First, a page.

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Tax Credits for the Working Poor
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Book description

The United States introduced the earned income tax credit (EITC) in 1975, where it remains the most significant earnings-based refundable credit in the Internal Revenue Code. While the United States was the first country to use its domestic revenue system to deliver and administer social welfare benefits to lower-income individuals or families, a number of other countries, including New Zealand and Canada, have experimented with or incorporated similar credits into their tax systems. In this work, Michelle Lyon Drumbl, drawing on her extensive advocacy experience representing low-income taxpayers in EITC audits, analyzes the effectiveness of the EITC in the United States and offers suggestions for how it can be improved. This timely book should be read by anyone interested in how the EITC can be reimagined to better serve the working poor and, more generally, whether the tax system can promote social justice.


‘From the unique lens of a tax justice warrior working on the frontlines fighting poverty, Michelle Lyon Drumbl details the troubled history of US refundable tax credits and compares similar international programs to reimagine relief for America's vulnerable working families. A must read for anyone engaged in critical rethinking of economic justice policies.'

Francine J. Lipman - University of Nevada, Las Vegas

‘Michelle Lyon Drumbl draws on a wide range of resources – including the history of the EITC, studies about its impact, the experience of other countries with similar programs, and her years representing taxpayers in EITC disputes with the IRS – in making a number of thoughtful proposals for improving the design and administration of the EITC. This book is a must-read for anyone interested in the future of federal antipoverty policy in the United States.'

Lawrence Zelenak - Duke University, North Carolina, and author of Learning to Love Form 1040: Two Cheers for the Return-Based Mass Income Tax

‘If one were to read only a single work on tax credits for the working poor, this should be that work. This monograph has the necessary scope, detail, and imaginative law reform solutions to make a significant contribution to the literature.’

Naseem Khan Source: The Modern Law Review

‘The comprehensiveness of Drumbl’s treatment alone makes this book a valuable addition to the tax policy literature. She offers plenty of statistics; a thorough survey of pros, cons, and policy alternatives; and a wonderful synthesis of existing scholarship. But the book’s true strength is the human story that it tells. Too often, discussions of the EITC and CTC focus wonkishly on economic efficiency, comparisons of bureaucratic expertise, and statistics alone. Drumbl’s account does not neglect that side of the equation. But she also draws upon her experience running a low-income taxpayer clinic to tell the stories of EITC and CTC beneficiaries, who often suffer the downside consequences of relying on tax officials to administer social welfare programs on the cheap … everyone who is interested in tax policy and antipoverty programs should read this carefully-researched and thoughtfully-developed book.’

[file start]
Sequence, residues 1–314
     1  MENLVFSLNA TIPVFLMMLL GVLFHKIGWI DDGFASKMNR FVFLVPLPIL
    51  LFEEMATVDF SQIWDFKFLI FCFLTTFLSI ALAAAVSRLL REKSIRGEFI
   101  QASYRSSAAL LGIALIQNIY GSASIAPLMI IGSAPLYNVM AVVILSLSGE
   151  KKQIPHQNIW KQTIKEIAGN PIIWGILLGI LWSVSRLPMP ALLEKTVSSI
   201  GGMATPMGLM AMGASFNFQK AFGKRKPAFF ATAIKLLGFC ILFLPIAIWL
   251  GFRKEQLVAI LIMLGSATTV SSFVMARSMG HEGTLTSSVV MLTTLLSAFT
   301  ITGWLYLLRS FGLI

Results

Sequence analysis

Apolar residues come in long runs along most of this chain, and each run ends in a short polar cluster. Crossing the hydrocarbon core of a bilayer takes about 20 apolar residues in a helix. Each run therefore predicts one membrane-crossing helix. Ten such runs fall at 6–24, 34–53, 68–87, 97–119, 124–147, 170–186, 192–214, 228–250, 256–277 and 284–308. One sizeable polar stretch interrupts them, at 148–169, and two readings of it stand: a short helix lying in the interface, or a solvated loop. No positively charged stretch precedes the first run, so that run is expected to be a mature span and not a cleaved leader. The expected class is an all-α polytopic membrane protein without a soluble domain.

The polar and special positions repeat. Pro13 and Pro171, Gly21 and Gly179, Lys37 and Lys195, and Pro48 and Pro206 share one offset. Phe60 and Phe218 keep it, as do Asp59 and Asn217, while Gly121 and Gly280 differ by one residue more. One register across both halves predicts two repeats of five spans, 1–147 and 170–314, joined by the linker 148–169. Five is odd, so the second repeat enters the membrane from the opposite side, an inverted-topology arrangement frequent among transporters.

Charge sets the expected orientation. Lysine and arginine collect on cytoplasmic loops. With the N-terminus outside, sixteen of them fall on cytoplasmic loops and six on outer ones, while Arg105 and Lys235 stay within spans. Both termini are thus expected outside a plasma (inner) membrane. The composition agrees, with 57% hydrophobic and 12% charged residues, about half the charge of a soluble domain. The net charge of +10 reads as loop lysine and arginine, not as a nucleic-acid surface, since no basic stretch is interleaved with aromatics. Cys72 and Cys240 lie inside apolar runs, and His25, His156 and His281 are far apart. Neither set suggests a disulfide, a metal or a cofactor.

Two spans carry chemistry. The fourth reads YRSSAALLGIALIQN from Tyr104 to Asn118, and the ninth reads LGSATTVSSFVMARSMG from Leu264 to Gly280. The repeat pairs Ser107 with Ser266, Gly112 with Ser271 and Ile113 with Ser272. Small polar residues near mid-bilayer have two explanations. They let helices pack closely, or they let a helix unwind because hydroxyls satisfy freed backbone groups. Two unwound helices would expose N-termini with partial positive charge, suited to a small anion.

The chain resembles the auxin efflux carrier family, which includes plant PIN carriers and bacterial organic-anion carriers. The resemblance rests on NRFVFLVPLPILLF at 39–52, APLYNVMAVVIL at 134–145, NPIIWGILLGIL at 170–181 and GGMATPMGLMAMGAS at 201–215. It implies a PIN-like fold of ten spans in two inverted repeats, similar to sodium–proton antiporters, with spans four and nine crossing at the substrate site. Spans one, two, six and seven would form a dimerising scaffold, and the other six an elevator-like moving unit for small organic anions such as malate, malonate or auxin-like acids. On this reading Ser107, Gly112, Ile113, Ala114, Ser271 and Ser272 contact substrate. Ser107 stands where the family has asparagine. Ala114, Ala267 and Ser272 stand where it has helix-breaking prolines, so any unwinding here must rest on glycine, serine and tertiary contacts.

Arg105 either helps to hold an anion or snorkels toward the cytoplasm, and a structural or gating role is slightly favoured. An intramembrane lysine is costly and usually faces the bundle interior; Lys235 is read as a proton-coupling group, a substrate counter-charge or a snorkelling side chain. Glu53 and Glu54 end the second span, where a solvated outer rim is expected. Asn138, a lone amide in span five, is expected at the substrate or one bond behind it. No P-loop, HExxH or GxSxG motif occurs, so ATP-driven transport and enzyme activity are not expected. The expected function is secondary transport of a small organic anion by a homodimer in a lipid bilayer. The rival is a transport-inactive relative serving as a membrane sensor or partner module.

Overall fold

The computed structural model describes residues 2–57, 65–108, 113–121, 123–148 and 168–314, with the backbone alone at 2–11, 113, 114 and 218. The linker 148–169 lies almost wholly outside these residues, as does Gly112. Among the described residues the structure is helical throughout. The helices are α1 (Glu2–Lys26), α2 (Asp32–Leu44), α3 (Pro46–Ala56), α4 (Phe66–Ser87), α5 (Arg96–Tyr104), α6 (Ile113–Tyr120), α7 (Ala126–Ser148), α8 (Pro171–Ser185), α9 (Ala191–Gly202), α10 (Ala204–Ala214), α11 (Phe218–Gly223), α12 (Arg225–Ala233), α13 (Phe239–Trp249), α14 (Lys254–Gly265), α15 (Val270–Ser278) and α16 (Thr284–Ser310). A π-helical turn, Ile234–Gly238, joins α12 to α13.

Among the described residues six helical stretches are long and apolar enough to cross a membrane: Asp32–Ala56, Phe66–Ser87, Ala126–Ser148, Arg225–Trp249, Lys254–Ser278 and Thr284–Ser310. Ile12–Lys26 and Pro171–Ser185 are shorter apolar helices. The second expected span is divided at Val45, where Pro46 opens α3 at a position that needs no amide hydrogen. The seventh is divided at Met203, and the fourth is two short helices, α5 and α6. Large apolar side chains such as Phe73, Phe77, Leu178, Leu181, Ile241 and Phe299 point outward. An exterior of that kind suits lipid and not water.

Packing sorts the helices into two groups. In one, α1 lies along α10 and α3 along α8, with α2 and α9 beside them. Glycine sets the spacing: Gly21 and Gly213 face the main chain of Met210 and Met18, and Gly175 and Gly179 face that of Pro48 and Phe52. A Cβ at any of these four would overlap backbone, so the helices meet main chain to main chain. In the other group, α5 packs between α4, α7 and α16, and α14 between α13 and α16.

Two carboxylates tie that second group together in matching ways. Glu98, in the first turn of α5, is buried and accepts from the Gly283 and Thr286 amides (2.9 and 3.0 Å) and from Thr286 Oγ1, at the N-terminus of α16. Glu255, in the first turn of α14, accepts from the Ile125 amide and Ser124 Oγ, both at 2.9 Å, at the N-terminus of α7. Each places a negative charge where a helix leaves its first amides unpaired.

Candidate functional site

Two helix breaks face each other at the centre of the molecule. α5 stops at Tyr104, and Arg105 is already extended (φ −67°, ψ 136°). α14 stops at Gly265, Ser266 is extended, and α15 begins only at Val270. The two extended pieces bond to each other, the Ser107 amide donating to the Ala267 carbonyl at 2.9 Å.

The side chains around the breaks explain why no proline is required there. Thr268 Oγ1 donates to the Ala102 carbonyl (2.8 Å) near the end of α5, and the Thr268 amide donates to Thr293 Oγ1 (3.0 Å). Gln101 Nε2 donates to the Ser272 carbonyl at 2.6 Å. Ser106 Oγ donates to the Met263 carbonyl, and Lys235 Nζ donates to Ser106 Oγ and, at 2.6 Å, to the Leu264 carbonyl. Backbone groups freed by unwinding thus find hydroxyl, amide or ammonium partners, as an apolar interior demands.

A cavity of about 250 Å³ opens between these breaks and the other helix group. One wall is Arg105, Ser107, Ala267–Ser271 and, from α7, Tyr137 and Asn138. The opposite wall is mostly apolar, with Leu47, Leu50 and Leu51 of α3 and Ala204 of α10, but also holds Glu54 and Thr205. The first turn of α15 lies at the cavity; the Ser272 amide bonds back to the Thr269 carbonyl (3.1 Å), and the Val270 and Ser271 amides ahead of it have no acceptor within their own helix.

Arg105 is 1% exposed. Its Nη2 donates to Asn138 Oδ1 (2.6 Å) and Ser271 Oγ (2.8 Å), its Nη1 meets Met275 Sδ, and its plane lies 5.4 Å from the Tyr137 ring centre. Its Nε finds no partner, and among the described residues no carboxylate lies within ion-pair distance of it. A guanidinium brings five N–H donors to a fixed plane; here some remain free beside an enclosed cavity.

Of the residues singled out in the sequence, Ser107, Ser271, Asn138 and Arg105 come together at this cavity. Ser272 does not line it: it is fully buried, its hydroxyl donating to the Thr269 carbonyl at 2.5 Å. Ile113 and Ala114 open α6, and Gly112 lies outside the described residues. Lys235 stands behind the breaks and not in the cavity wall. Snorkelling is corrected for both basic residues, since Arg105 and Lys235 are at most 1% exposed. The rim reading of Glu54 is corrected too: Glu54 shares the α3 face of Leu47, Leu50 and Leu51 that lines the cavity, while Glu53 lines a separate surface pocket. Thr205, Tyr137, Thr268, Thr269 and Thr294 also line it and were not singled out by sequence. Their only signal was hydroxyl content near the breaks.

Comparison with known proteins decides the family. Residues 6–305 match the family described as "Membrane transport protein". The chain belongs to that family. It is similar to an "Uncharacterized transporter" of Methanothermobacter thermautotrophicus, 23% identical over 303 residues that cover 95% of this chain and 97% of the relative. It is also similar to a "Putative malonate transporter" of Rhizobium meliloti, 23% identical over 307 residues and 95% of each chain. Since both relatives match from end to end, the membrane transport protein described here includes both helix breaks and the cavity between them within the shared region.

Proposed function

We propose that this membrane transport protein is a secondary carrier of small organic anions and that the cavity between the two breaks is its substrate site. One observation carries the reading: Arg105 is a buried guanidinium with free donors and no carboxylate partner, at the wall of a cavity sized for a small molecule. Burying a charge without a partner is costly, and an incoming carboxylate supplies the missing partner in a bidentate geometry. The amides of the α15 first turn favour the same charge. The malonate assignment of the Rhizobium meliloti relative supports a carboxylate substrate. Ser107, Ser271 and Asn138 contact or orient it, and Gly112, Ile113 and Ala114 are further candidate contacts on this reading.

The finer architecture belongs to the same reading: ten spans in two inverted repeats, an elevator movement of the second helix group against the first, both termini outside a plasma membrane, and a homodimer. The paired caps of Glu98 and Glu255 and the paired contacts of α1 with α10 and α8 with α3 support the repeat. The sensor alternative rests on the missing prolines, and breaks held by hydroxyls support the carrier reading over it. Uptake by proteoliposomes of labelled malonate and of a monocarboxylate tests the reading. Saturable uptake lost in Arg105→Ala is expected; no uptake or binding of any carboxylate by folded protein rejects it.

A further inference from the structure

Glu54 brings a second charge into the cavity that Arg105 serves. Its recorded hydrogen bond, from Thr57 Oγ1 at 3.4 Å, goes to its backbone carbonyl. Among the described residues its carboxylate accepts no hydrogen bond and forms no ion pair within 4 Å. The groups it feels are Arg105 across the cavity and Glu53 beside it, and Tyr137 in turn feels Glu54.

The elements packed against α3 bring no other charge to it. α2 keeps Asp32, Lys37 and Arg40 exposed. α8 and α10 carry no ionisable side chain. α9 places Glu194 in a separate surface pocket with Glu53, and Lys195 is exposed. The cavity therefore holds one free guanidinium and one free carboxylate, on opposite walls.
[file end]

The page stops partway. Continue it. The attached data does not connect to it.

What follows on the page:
Kristin Hickman Source: Jotwell

‘Drumbl makes an important contribution to the EITC literature. She clearly summarizes much of the literature from diverse disciplines on the function and effectiveness of the EITC. She uses that literature to probe the problems of the EITC and to make measured and sensible proposals for reform. In doing so, she also makes important original contributions to the comparative study of government assistance programs, drawing on the experiences of two of our closest allies, Canada and New Zealand, to support her reform proposals. As such, her work should be read by policymakers and scholars from a political and ideological viewpoints for its important discussions on the problems with the EITC and sensible proposals to address those problems. If politicians institute one or more of its suggested reforms, some financial relief will come to those taxpayers who need it most.’

Jonathan D. Grossberg Source: Journal of the American Taxation Association

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